The hailstorm that swept through the Riverland on 4 November has left an estimated damage bill of $23.3 million. Grapes accounted for about $8.36 million of that.
The PIRSA Storm Assessment team, operating out of Loxton Research Centre, have visited 211 properties and assessed almost 8,000 hectares of crops including cereals.
“It’s a salutary reminder to our whole community of the risks associated with farming and the flow-on impact,” Riverland Wine says.
“As well as being an estimate of the crop damage this figure of more than $23 million can be interpreted as an estimate of what will not be spent in the region in the coming 12 months.
“As a general rule, the farmer/grower community re-invest the great majority of farmgate income directly in the community in the form of next year’s inputs to continue growing food and fibre, creating, jobs, exports and community wellbeing.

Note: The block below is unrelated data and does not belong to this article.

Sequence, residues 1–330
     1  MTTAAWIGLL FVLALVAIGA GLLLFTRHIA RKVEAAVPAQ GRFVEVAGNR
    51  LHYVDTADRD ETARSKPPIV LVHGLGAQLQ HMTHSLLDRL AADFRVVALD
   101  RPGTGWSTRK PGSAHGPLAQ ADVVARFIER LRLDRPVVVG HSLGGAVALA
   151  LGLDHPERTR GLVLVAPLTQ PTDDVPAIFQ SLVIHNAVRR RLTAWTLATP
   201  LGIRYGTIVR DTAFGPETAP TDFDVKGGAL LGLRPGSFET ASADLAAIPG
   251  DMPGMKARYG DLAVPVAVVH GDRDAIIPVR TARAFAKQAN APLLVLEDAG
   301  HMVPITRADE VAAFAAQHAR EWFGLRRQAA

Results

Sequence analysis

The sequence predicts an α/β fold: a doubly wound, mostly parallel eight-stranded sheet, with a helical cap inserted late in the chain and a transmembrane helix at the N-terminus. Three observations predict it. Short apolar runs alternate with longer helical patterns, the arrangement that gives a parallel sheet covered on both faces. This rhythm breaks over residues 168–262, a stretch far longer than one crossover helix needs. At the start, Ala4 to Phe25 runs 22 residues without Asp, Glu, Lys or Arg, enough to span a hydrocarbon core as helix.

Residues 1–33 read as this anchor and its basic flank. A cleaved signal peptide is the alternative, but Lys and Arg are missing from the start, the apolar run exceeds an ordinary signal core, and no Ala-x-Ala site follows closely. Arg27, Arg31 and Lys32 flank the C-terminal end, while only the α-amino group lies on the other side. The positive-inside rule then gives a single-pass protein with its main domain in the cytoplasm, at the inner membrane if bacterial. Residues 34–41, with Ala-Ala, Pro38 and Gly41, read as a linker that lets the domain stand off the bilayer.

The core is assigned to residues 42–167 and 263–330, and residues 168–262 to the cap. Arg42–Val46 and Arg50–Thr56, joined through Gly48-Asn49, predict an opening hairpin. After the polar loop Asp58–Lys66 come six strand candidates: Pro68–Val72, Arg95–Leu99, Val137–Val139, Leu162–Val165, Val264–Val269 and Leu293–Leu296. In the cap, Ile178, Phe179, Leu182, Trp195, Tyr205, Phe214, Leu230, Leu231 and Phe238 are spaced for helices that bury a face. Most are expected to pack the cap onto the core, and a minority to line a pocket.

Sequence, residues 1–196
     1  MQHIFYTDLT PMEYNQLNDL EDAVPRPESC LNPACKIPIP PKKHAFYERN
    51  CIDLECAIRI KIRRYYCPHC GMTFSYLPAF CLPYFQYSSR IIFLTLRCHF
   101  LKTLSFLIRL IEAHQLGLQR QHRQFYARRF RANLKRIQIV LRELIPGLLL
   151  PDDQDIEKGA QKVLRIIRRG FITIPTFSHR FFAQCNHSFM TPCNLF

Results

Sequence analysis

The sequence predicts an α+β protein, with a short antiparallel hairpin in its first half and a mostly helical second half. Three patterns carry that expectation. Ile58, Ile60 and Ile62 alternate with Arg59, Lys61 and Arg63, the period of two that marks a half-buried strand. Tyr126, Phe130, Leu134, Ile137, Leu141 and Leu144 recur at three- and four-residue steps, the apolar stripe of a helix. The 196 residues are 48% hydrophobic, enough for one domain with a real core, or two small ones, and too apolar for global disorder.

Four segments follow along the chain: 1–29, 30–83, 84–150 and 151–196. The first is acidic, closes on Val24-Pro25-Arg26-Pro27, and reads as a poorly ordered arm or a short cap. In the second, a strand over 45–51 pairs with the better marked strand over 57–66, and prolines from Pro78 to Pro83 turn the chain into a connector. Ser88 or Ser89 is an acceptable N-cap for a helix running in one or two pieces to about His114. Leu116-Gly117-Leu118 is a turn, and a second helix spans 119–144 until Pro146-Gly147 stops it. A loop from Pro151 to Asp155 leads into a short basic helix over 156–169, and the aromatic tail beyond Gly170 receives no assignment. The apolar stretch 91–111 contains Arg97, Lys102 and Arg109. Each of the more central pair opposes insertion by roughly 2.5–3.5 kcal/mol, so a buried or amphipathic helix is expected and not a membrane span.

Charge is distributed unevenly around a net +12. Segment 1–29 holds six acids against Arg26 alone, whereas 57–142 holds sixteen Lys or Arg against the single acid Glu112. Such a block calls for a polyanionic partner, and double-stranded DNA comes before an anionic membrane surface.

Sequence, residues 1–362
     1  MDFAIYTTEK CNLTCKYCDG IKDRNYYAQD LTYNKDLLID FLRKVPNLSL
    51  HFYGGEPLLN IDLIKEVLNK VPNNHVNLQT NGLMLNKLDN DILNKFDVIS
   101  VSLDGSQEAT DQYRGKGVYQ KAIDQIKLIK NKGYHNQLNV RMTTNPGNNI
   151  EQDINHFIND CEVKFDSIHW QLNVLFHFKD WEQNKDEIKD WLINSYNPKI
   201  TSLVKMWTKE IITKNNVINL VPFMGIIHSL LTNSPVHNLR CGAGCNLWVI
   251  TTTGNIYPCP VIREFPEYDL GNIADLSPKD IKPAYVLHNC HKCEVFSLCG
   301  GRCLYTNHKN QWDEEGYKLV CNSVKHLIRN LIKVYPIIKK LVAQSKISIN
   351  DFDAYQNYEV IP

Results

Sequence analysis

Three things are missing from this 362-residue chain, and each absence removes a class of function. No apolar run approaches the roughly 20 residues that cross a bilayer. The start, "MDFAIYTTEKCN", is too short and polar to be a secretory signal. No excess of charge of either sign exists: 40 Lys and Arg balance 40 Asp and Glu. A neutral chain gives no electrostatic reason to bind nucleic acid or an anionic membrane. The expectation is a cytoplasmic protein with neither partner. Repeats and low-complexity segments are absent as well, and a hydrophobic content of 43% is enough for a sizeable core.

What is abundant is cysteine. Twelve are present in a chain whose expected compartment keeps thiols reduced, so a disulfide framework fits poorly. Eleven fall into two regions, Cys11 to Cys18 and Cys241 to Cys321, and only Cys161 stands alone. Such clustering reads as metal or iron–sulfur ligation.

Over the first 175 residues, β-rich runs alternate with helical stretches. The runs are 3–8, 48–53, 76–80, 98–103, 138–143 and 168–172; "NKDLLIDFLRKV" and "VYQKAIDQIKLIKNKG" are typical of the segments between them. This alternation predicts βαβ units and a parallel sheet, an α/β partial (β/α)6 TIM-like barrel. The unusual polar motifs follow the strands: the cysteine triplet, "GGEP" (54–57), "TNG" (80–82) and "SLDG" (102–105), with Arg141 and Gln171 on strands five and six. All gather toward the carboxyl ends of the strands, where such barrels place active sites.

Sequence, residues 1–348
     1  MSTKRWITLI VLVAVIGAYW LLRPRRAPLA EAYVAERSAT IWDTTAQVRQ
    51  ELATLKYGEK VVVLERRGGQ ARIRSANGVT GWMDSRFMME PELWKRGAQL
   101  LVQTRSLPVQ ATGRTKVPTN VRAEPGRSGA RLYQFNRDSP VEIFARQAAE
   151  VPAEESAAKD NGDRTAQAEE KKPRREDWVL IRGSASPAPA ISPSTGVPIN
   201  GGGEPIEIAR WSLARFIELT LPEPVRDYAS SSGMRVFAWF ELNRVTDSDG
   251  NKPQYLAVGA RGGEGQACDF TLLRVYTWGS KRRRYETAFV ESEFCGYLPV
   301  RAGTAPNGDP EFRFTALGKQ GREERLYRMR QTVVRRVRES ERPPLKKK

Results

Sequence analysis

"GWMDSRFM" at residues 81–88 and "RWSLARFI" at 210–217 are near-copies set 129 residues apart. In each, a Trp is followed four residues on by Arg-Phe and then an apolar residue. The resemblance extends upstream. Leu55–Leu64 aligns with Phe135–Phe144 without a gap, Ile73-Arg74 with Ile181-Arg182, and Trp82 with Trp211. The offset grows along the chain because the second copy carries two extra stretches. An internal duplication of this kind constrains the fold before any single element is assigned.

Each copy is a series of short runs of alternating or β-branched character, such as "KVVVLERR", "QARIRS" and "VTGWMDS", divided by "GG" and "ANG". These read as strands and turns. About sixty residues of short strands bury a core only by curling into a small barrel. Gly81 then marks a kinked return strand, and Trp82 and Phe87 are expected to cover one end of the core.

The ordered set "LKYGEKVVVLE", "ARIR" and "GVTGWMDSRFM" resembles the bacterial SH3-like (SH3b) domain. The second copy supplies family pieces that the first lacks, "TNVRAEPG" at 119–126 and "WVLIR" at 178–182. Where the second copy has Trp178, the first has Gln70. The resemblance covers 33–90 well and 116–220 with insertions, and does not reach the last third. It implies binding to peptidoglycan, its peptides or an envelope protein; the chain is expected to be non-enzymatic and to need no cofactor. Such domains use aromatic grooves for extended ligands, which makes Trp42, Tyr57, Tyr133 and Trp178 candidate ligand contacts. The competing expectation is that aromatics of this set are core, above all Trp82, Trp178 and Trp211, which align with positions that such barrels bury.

“For the sake of the families who will directly bear this cost, we must all do what little we can to reassure them that together we can share a portion of the burden.
“Just being aware of their circumstance and taking the time to stop and talk, even if you’ve never spoken to them before, makes a difference.”
|Crop type impacted||No. growers reported damage via hotline||Crop damage property visits||Area assessed (Ha)||Estimated value of crop loss|
|Nuts – Almond||1||4||481||$876,117|
Photograph: Hailstones on Bruce Hewett’s property at Glossop. (Lauren Cresp)